Fluid Mechanics is the study of how working fluids flow and interact with each other and our environment.
The basis of any study into the wonderful world of fluid mechanics thus hinges around fluids and their properties.
What is a Fluid?
Substances in our universe exist in three basic phases
Liquids and Gases are regarded as fluids.
How this is determined is by analyzing the substance reaction to shear stress.
Solids under shear will deform to a strain angle and will return to their original state if the shear stress is removed.
Liquids and gases react differently to shear stress though. Fluids will deform continuously without reaching a specified strain angle.
This one distinction separates substances from being a fluid or not, at least scientifically.
Fluid Flow Types
Fluid mechanics largely deals with fluids in motion and their application to the engineering industry.
The study of fluid flow is used in the automotive, marine and civil engineering fields to name a few.
Fluid flows can be grouped as internal or external flows.
Internal flows deal with liquids and gases that flow within pipes or areas where they can be guided and controlled.
External flows typically occur in nature where their are no definite boundaries, such as the flow of air over an aircraft wing.
The internal characteristics of fluid flow are more interesting, this is the study of how the fluid behaves internally.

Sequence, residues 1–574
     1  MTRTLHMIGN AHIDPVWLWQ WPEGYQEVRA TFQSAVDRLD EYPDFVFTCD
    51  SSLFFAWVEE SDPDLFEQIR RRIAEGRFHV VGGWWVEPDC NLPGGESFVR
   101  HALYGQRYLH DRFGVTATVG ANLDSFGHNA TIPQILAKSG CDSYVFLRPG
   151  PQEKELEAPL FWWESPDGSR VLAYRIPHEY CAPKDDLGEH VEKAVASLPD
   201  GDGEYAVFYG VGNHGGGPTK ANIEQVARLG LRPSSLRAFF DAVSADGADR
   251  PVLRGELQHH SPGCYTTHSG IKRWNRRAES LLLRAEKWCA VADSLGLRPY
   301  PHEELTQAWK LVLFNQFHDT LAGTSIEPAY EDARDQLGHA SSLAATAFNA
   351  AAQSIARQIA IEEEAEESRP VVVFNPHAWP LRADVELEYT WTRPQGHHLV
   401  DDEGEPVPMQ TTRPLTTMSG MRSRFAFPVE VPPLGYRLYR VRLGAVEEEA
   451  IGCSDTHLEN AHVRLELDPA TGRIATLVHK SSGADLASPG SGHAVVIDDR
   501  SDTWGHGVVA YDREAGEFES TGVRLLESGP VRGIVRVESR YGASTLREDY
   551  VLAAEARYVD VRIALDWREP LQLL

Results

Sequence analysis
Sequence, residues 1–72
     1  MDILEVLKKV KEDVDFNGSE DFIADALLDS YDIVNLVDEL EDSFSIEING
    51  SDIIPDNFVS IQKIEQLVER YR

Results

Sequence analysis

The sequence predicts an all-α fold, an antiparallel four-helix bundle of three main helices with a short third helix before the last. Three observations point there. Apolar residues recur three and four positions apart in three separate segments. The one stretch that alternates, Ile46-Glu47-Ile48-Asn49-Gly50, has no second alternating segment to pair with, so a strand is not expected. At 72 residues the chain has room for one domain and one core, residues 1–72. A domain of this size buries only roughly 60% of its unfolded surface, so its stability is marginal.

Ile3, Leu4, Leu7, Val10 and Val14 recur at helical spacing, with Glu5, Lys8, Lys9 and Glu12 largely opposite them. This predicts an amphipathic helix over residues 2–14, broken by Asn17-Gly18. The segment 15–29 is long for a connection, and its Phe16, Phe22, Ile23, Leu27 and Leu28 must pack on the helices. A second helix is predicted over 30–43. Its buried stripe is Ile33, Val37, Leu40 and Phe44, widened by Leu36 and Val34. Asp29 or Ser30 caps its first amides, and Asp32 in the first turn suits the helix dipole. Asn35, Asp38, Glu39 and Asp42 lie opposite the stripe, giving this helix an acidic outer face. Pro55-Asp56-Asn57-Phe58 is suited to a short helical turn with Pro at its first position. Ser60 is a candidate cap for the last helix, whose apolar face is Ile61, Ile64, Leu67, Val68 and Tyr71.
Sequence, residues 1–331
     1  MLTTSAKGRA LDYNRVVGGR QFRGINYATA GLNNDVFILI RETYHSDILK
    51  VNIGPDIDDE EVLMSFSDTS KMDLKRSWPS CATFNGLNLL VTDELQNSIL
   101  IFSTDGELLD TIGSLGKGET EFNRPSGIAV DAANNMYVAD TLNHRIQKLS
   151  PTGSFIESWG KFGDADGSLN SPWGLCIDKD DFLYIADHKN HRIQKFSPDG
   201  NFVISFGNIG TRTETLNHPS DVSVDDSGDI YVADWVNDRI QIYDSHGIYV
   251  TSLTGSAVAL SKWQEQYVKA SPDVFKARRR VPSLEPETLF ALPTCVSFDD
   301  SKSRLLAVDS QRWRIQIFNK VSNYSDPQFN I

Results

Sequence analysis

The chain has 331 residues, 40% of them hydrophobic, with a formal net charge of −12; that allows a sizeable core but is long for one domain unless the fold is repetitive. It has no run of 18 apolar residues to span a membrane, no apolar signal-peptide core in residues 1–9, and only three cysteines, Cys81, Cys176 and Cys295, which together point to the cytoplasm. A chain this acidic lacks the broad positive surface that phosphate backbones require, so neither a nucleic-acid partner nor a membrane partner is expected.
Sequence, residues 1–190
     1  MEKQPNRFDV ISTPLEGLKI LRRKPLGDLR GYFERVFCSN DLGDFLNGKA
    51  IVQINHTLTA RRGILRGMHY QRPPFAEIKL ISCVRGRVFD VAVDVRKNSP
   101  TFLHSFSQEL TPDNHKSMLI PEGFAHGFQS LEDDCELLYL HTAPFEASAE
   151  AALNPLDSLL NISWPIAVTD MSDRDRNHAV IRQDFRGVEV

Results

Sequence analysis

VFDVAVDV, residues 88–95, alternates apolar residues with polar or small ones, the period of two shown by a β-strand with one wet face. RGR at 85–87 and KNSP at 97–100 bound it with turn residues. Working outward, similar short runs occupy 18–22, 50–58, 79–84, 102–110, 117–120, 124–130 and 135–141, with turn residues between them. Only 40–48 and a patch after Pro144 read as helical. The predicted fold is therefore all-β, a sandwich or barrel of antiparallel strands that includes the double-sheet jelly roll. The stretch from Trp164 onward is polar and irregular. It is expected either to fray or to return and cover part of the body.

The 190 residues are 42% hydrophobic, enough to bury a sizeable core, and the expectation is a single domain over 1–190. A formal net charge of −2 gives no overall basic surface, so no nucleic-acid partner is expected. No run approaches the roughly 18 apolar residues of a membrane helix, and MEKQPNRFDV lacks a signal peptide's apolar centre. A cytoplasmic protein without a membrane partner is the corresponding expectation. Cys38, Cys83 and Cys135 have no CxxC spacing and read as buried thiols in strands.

These are classified as flow types and three exist
- Laminar Flow
- Turbulent Flow
- Transitional Flow
Every engineering fluid will be in one of these states at any given moment.
Laminar Fluid Flow
Laminar flow is extremely smooth and ordered.
Fluids that have a high viscosity generally will experience laminar flow.
Turbulent Fluid Flow
Turbulent flow is disorganized and is typically the condition of most fluids used in engineering.
Fluids with low viscosity will generally experience turbulent flow.
Transitional Fluid Flow
In between laminar and turbulent flow exists a transitional flow state.
How we determine flow states in fluid mechanics is by using Reynolds Number. This dimensionless number was developed by Osborne Reynolds, a British engineer and pioneer in fluid dynamics.
This number is calculated using the following flow conditions
- Fluid Velocity
- Flow Medium Dimensions
The dimensionless number will then fall into one of the three ranges.
Fluids are the cornerstone of Fluid Mechanics.
Even though distinguishing between fluids and solids is simple and intuitive the actual state of the fluid has more importance.
Most simple engineering problems though will have fluids in a turbulent state.